Jack Ketch


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Jack Ketch

(kɛtʃ)
n
(Historical Terms) archaic Brit a hangman
[C18: after John Ketch (died 1686), public executioner in England]
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References in classic literature ?
If he comes back, and leaves the boy behind him; if he gets off free, and dead or alive, fails to restore him to me; murder him yourself if you would have him escape Jack Ketch. And do it the moment he sets foot in this room, or mind me, it will be too late!'
No, no; reg'lar rotation, as Jack Ketch said, ven he tied the men up.
Jos, who would no more have it supposed that his father, Jos Sedley's father, of the Board of Revenue, was a wine merchant asking for orders, than that he was Jack Ketch, refused the bills with scorn, wrote back contumeliously to the old gentleman, bidding him to mind his own affairs; and the protested paper coming back, Sedley and Co.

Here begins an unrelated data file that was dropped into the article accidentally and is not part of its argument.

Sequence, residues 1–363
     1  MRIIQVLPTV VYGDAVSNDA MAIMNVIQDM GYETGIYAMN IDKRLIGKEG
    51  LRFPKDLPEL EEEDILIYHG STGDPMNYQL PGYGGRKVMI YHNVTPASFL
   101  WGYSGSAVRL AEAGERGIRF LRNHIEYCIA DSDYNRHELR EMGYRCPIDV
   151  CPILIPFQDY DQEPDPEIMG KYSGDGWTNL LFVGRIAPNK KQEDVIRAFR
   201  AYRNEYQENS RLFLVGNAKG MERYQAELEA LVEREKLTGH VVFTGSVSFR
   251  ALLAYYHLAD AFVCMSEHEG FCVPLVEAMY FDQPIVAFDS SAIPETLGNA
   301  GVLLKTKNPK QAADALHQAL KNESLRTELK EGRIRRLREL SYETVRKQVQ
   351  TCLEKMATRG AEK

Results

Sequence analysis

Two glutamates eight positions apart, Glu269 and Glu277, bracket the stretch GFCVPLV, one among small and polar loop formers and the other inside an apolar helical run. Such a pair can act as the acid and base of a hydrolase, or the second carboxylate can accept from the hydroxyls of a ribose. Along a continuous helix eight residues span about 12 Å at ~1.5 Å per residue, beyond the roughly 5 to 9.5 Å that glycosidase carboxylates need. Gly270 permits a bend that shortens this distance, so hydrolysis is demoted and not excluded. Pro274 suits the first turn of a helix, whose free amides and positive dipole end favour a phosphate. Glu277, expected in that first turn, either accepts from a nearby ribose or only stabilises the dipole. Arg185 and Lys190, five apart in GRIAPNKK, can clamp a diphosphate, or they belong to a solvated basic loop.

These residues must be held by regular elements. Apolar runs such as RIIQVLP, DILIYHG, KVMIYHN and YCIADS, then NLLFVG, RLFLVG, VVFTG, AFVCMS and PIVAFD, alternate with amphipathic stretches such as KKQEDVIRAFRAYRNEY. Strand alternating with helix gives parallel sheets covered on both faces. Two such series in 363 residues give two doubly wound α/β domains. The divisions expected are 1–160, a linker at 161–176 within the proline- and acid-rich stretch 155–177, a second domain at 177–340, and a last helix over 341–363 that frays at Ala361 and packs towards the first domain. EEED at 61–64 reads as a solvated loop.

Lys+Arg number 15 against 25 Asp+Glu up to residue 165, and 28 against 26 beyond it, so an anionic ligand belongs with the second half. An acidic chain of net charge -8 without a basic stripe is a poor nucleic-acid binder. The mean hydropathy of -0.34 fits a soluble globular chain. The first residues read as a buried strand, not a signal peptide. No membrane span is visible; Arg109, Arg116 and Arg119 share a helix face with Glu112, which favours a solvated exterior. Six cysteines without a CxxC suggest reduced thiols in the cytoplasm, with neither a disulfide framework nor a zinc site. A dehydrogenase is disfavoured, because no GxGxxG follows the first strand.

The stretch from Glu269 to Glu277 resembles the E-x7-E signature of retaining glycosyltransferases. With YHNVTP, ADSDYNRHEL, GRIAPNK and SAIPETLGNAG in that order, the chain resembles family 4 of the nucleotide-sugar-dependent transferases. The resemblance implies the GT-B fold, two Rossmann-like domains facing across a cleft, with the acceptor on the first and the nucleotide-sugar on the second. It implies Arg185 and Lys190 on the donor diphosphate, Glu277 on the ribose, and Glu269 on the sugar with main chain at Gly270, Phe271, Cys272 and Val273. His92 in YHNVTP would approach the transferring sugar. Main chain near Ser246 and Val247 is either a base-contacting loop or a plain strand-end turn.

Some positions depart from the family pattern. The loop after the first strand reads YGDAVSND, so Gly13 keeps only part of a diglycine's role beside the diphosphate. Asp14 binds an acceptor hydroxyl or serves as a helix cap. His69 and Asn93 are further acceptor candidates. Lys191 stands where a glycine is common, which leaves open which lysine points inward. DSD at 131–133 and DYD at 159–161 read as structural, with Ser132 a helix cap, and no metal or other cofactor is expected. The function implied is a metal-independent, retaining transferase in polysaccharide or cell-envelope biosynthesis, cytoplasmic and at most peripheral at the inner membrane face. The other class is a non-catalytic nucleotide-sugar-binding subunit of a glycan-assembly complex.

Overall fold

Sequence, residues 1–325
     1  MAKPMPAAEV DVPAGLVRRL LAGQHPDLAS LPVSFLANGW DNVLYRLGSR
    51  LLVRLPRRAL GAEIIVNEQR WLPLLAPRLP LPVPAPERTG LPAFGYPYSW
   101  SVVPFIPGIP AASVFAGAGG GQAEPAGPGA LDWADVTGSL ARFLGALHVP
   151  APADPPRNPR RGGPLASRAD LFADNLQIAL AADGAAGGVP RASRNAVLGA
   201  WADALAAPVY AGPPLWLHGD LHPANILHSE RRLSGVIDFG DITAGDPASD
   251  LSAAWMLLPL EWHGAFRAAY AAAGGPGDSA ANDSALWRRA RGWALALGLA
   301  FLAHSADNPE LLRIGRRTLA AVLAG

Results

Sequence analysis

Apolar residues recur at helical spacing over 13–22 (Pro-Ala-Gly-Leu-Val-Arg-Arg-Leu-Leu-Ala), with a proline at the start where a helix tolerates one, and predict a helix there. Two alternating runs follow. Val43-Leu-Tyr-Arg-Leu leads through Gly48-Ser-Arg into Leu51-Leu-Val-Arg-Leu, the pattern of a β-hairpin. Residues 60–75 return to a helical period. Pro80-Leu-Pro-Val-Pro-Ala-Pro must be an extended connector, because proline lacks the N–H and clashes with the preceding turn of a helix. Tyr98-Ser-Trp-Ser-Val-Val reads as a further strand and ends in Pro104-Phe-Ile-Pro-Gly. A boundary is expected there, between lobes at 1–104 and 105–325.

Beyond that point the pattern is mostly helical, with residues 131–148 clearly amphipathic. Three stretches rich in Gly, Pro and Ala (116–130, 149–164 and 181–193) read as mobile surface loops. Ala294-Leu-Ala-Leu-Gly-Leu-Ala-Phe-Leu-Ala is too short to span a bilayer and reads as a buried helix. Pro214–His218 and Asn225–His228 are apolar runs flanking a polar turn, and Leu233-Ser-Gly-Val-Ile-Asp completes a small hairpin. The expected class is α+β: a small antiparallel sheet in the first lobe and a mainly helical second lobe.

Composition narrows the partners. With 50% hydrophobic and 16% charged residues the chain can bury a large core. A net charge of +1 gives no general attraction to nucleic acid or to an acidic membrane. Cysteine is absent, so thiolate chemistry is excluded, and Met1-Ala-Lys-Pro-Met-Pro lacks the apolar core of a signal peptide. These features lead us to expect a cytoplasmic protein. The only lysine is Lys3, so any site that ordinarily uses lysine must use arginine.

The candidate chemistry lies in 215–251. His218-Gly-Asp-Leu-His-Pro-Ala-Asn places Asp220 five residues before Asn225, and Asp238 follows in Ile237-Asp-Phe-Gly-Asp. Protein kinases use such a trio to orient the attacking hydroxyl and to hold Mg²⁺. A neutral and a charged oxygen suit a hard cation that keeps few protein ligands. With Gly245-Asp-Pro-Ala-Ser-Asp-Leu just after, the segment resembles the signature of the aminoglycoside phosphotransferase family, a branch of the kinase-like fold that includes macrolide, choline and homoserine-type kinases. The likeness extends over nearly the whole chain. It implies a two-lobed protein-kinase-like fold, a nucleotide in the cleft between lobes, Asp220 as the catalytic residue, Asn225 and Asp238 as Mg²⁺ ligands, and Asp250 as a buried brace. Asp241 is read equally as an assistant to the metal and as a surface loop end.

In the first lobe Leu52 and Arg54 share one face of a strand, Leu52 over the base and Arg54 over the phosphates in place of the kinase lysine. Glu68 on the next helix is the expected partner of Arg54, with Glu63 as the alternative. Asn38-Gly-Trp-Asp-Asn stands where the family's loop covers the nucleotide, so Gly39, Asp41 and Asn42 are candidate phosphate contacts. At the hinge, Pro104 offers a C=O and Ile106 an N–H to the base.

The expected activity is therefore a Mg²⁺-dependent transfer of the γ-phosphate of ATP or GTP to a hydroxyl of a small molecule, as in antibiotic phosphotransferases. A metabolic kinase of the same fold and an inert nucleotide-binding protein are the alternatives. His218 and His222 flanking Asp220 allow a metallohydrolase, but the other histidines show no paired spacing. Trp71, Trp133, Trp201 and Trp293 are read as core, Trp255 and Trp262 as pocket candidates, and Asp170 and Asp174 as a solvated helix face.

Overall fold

'I will tell you what I should, under any other circumstances, as soon have thought of telling to - Jack Ketch.'
In later years they were joined by Toby the dog, a crocodile, a policeman, Jack Ketch the hangman - and the Devil.
Come and join the mayhem as Punch, accompanied by Judy, Baby, Toby the Dog, Joey the Clown, Scaramouche, Pretty Polly, Jack Ketch and the Crocodile, is forced to confront both the Devil roaming outside and the one residing within ...
It took its name from real-life executioner Jack Ketch, who was employed by King Charles II and famously botched the 1680s beheading of Lord Russell and the Duke of Monmouth.